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J Neurophysiol. 2001 Sep;86(3):1398-411.

Modulation of sensory suppression: implications for receptive field sizes in the human visual cortex.

Author information

1
Department of Psychology, Center for the Study of Brain, Mind and Behavior, Princeton University, Princeton, NJ 08544, USA. skastner@princeton.edu

Abstract

Neurophysiological studies in monkeys show that when multiple visual stimuli appear simultaneously in the visual field, they are not processed independently, but rather interact in a mutually suppressive way. This suggests that multiple stimuli compete for neural representation. Consistent with this notion, we have previously found in humans that functional magnetic resonance imaging (fMRI) signals in V1 and ventral extrastriate areas V2, V4, and TEO are smaller for simultaneously presented (i.e., competing) stimuli than for the same stimuli presented sequentially (i.e., not competing). Here we report that suppressive interactions between stimuli are also present in dorsal extrastriate areas V3A and MT, and we compare these interactions to those in areas V1 through TEO. To exclude the possibility that the differences in responses to simultaneously and sequentially presented stimuli were due to differences in the number of transient onsets, we tested for suppressive interactions in area V4, in an experiment that held constant the number of transient onsets. We found that the fMRI response to a stimulus in the upper visual field was suppressed by the presence of nearby stimuli in the lower visual field. Further, we excluded the possibility that the greater fMRI responses to sequential compared with simultaneous presentations were due to exogeneous attentional cueing by having our subjects count T's or L's at fixation, an attentionally demanding task. Behavioral testing demonstrated that neither condition interfered with performance of the T/L task. Our previous findings suggested that suppressive interactions among nearby stimuli in areas V1 through TEO were scaled to the receptive field (RF) sizes of neurons in those areas. Here we tested this idea by parametrically varying the spatial separation among stimuli in the display. Display sizes ranged from 2 x 2 degrees to 7 x 7 degrees and were centered at 5.5 degrees eccentricity. Based on the effects of display size on the magnitude of suppressive interactions, we estimated that RF sizes at an eccentricity of 5.5 degrees were <2 degrees in V1, 2-4 degrees in V2, 4-6 degrees in V4, larger than 7 degrees (but still confined to a quadrant) in TEO, and larger than 6 degrees (confined to a quadrant) in V3A. These estimates of RF sizes in human visual cortex are strikingly similar to those measured in physiological mapping studies in the homologous visual areas in monkeys.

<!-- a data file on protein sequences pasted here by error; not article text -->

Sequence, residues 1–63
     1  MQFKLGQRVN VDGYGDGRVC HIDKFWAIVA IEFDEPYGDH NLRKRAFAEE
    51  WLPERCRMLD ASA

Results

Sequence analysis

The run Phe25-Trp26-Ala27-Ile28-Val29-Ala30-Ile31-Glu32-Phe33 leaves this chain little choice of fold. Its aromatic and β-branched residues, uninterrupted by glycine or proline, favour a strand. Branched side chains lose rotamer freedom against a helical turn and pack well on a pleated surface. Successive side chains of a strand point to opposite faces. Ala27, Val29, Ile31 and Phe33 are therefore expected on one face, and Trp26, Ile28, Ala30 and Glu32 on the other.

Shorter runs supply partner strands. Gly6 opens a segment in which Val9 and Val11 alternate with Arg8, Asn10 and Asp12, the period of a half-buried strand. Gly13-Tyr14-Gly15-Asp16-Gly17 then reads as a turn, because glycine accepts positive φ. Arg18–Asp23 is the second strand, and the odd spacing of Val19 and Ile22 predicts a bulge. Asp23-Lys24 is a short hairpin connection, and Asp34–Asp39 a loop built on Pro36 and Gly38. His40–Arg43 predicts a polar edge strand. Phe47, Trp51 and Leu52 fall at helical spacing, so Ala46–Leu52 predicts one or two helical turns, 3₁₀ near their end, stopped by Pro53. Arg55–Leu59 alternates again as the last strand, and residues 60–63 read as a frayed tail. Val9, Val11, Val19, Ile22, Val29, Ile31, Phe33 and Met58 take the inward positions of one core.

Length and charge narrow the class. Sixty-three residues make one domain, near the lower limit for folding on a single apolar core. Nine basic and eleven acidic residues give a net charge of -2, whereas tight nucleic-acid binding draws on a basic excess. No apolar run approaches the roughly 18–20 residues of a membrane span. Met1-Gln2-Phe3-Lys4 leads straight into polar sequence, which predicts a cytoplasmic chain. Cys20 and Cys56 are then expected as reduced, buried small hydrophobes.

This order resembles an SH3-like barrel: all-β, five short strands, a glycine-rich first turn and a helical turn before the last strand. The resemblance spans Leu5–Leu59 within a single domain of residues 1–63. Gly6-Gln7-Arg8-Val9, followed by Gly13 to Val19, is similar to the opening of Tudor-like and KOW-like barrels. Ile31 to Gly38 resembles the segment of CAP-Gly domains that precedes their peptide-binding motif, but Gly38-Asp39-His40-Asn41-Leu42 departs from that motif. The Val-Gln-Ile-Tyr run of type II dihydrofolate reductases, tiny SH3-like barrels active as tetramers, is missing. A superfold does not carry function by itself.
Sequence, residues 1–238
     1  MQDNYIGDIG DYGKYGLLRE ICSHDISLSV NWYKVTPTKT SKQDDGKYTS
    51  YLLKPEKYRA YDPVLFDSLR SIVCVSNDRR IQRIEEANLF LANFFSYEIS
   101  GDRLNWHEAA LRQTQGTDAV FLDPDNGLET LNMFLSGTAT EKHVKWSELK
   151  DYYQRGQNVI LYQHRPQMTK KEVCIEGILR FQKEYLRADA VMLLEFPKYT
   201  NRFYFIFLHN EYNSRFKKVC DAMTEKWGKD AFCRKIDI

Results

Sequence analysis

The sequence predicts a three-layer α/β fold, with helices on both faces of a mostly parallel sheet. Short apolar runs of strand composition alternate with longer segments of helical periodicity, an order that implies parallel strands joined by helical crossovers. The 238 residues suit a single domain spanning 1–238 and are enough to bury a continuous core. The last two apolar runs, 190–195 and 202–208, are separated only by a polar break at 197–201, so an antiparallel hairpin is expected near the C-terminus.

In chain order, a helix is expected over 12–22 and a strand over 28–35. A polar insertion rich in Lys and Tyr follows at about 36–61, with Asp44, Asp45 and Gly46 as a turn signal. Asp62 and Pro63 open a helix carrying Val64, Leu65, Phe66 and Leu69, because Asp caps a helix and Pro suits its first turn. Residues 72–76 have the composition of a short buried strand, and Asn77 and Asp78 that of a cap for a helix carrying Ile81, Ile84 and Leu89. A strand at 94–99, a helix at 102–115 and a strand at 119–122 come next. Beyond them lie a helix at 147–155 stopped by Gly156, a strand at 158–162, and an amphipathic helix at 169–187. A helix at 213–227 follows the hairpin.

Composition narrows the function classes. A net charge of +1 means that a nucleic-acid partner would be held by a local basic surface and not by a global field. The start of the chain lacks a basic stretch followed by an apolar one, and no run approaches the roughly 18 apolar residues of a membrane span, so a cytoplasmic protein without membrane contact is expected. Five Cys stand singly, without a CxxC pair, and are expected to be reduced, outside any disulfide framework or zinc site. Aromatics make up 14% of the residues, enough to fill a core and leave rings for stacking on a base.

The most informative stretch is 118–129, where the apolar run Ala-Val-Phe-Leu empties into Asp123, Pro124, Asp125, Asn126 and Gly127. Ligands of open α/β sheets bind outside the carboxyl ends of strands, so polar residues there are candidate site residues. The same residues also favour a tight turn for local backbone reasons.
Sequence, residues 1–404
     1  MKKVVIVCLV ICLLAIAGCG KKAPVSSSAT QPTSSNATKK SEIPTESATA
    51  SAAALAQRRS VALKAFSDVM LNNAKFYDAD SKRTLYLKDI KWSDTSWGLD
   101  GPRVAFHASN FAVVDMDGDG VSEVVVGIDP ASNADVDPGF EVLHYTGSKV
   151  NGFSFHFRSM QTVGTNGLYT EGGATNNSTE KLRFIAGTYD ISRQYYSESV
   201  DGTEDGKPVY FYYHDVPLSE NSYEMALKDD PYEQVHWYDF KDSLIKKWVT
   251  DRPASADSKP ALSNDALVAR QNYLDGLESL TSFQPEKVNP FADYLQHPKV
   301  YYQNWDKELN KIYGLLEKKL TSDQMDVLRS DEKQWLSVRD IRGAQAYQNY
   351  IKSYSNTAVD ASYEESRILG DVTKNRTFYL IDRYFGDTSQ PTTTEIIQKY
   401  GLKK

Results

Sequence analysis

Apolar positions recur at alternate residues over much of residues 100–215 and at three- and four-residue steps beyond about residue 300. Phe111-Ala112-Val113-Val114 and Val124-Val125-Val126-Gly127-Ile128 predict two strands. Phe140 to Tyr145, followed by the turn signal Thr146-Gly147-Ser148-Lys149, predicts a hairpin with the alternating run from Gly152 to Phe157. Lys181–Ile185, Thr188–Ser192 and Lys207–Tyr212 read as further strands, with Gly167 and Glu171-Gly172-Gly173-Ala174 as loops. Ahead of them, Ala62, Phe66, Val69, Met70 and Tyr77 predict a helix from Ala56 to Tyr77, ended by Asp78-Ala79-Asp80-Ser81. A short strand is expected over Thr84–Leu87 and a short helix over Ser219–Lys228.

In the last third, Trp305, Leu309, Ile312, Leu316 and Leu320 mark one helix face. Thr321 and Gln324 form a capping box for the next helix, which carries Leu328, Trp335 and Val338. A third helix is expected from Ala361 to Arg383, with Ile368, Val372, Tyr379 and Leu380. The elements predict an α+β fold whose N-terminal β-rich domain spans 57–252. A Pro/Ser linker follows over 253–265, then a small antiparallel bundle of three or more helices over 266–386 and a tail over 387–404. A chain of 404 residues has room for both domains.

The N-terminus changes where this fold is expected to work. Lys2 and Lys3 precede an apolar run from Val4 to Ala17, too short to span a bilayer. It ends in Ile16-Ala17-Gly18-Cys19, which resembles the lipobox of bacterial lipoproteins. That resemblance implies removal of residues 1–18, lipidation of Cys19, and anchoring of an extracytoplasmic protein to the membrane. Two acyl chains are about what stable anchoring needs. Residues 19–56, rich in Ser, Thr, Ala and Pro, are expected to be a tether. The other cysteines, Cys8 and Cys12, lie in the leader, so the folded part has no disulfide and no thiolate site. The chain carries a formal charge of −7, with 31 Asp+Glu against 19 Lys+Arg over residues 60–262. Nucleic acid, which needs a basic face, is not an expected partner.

PMID:
11535686
DOI:
10.1152/jn.2001.86.3.1398
[Indexed for MEDLINE]
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